Biometric privacy and regulations: Is this the last human rights frontier?

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Biometric privacy and regulations: Is this the last human rights frontier?

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Biometric privacy and regulations: Is this the last human rights frontier?

Subheading text
As biometric data becomes more prevalent, more businesses are being mandated to comply with novel privacy laws.
    • Author:
    • Author name
      Quantumrun Foresight
    • July 19, 2022

    Post text

    The pandemic made collecting biometrics and other biological information increasingly necessary, but are individuals giving away their fundamental privacy rights in the process—the right to their own biological data?

    Biometric privacy and regulations context

    Biometric data is any information that can identify an individual. Fingerprints, retinal scans, facial recognition, typing cadence, voice patterns, signatures, DNA scans, and even behavioral patterns such as web search histories are all examples of biometric data. The information is often used for security purposes, as it is challenging to fake or spoof because of each individual’s unique genetic patterns. Biometrics has become common for crucial transactions, such as accessing information, buildings, and financial activities. As a result, biometric data needs to be regulated as it is sensitive information that can be used to track and spy on individuals. If biometric data falls into the wrong hands, it could be used for identity theft, fraud, blackmail, or other malicious activities.

    There are a variety of laws that protect biometric data, including the European Union’s General Data Protection Regulation (GDPR), Illinois’ Biometric Information Privacy Act (BIPA), California Consumer Privacy Act (CCPA), the Oregon Consumer Information Protection Act (OCIPA), and the New York Stop Hacks and Improve Electronic Data Security Act (SHIELD Act). These laws have different requirements, but they all aim to protect biometric data from unauthorized access and use by forcing companies to ask for consumer consent and informing consumers of how their information is being used. Some of these regulations go beyond biometrics and cover Internet and other online information, including browsing, search history, and interaction with websites, applications, or advertisements.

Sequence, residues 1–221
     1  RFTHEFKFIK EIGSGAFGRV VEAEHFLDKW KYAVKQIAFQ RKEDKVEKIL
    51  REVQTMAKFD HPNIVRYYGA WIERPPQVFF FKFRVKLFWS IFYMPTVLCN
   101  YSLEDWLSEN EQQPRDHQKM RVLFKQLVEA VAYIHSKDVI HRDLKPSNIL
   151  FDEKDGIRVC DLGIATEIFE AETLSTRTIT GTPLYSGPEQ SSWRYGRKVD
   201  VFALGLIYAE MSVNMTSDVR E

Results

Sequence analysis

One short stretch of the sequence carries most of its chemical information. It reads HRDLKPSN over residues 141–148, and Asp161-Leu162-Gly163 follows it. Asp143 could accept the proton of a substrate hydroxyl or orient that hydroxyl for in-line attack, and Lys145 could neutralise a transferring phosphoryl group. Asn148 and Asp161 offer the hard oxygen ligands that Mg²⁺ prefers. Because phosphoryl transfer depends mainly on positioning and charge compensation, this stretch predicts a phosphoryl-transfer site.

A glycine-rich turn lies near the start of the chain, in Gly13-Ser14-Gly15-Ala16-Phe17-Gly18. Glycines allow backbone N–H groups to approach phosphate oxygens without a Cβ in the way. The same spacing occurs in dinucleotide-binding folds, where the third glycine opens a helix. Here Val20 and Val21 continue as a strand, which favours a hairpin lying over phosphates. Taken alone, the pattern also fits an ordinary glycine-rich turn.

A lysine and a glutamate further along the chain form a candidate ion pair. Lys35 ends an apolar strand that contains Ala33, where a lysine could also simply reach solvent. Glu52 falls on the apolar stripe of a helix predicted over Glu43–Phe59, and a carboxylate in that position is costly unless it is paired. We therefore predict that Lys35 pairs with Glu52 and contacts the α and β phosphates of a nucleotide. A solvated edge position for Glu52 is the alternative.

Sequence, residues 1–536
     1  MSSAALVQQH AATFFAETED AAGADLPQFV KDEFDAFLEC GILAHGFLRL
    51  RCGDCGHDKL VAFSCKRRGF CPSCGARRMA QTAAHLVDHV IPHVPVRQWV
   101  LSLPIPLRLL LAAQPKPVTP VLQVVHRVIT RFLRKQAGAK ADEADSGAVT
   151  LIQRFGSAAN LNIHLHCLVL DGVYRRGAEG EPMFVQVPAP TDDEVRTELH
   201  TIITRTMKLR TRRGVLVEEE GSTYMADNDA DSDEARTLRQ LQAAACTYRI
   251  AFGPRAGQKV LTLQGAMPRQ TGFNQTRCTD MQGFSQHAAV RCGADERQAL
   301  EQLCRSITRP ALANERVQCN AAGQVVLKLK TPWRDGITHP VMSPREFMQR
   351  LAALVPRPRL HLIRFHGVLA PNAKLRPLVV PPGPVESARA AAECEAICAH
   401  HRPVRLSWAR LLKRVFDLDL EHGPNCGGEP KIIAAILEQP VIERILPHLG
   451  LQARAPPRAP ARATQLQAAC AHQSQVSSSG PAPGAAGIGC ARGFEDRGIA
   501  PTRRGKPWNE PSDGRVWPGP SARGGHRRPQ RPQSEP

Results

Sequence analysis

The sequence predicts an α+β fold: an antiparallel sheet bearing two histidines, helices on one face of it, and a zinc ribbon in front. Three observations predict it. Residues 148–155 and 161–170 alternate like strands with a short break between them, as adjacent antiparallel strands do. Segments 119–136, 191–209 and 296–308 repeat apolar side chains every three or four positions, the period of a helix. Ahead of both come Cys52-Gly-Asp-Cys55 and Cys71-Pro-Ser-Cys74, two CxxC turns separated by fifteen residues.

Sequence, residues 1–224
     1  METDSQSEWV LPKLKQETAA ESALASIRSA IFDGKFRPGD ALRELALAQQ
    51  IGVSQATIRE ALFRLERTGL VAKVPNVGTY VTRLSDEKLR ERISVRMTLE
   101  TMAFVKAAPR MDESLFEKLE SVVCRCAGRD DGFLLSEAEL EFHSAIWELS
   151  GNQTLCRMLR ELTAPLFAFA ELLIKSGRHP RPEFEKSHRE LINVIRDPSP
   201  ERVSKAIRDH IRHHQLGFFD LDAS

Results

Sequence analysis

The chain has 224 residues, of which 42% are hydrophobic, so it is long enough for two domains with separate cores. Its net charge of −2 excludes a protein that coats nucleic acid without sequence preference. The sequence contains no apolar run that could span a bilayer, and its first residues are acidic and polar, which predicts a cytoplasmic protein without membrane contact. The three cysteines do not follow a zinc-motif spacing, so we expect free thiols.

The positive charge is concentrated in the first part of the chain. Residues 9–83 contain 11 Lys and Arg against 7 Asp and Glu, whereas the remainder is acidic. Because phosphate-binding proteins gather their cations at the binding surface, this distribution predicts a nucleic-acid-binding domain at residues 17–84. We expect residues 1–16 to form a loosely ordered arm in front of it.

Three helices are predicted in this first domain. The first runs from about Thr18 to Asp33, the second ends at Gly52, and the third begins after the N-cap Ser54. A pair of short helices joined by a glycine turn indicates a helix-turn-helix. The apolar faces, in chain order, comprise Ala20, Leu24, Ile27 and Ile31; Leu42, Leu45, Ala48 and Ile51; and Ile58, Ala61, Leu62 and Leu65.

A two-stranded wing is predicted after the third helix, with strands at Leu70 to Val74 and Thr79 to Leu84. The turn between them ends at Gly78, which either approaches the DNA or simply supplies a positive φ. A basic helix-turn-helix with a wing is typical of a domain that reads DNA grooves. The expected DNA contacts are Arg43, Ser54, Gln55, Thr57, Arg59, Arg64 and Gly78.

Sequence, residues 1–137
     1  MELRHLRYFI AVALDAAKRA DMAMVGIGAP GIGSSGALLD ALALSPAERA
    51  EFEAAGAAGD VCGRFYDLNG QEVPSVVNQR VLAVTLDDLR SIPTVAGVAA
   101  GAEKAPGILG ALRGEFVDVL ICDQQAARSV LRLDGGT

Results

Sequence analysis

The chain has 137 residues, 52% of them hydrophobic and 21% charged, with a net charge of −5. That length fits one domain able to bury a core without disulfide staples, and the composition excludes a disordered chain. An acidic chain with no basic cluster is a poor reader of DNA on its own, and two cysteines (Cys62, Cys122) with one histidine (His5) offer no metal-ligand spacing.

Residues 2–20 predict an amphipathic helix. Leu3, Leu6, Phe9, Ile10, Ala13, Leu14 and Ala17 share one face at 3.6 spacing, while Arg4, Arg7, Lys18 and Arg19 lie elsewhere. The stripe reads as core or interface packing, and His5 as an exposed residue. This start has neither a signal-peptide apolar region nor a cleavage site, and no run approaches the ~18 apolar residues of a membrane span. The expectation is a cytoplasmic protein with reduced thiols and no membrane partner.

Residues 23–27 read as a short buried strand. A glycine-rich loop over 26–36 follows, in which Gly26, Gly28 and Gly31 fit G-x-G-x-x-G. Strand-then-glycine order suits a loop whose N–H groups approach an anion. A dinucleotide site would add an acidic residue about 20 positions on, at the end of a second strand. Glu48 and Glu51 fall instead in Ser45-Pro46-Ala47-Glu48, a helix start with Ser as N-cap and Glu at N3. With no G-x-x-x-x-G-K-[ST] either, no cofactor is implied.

Disruptive impact

    Businesses will need to ensure that biometric data is adequately protected by implementing reasonable security measures, such as encryption, password protection, and limiting access to authorized personnel only. Companies can also follow best practices to make data privacy law compliance easier, such as outlining all areas where biometric data is collected or used, determining who needs to be notified, creating clear policies on the collection, use, and retention of data, and constantly updating policies and practices. Additionally, firms should take care with release agreements and ensure they don’t make essential services or employment conditional upon releasing biometric data. 

    Unfortunately, companies are not always strictly compliant regarding data privacy. For example, the fitness and wearables industry collects thousands of health information daily, from the number of steps (including geolocation tracking) to heartbeats per minute. It’s a known practice to use biometric data collected to target ads and sell products to consumers. Another sensitive issue when it comes to data privacy compliance is home diagnostics. Companies may receive consent from customers to use their genetic and other intimate health information for research purposes, giving them a wide berth in what they can do with the data once they obtain it. 23andme, which maps consumers’ ancestry based on their DNA, made millions of dollars by selling the behavioral, health, and genetic insights it had gathered to Big Pharma and biotechnology firms.

    Implications of biometric privacy and regulations

    Wider implications of biometric privacy and regulations may include: 

    • More laws that further detail biometric data capture, storage, and usage, particularly for public services such as transportation, mass surveillance, and policing. However, this doesn’t mean that all jurisdictions will have their own biometrics privacy regulations.
    • More big tech companies being monitored and fined for unauthorized use of data.
    • Industries that collect high-volume data daily, such as security and fitness providers, being required to regularly report on how this data is being stored and used.
    • The rise of more data-intrusive industries like biotech and genetic services firms that will require more biometric information.

    Questions to comment on

    • What are the products and services that you consume that require your biometrics?
    • How do you protect your biometric information online?

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